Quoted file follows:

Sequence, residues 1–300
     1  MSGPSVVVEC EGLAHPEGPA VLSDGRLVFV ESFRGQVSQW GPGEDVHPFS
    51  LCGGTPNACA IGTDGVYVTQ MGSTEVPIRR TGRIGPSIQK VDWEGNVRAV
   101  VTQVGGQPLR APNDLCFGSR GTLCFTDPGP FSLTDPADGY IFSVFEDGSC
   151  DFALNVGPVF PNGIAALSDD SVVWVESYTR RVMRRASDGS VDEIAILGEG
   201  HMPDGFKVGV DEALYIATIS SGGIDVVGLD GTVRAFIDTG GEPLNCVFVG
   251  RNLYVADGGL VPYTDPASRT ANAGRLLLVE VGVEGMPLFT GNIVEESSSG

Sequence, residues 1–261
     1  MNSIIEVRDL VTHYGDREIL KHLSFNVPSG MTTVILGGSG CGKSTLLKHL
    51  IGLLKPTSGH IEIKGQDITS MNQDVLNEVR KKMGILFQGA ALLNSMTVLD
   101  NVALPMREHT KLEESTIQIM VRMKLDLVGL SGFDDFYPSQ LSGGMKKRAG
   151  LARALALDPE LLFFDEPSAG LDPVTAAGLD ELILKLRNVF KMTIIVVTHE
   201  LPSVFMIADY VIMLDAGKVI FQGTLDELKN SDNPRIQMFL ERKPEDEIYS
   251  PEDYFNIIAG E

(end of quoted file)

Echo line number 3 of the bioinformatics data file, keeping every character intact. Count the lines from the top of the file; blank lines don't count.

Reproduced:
    51  LCGGTPNACA IGTDGVYVTQ MGSTEVPIRR TGRIGPSIQK VDWEGNVRAV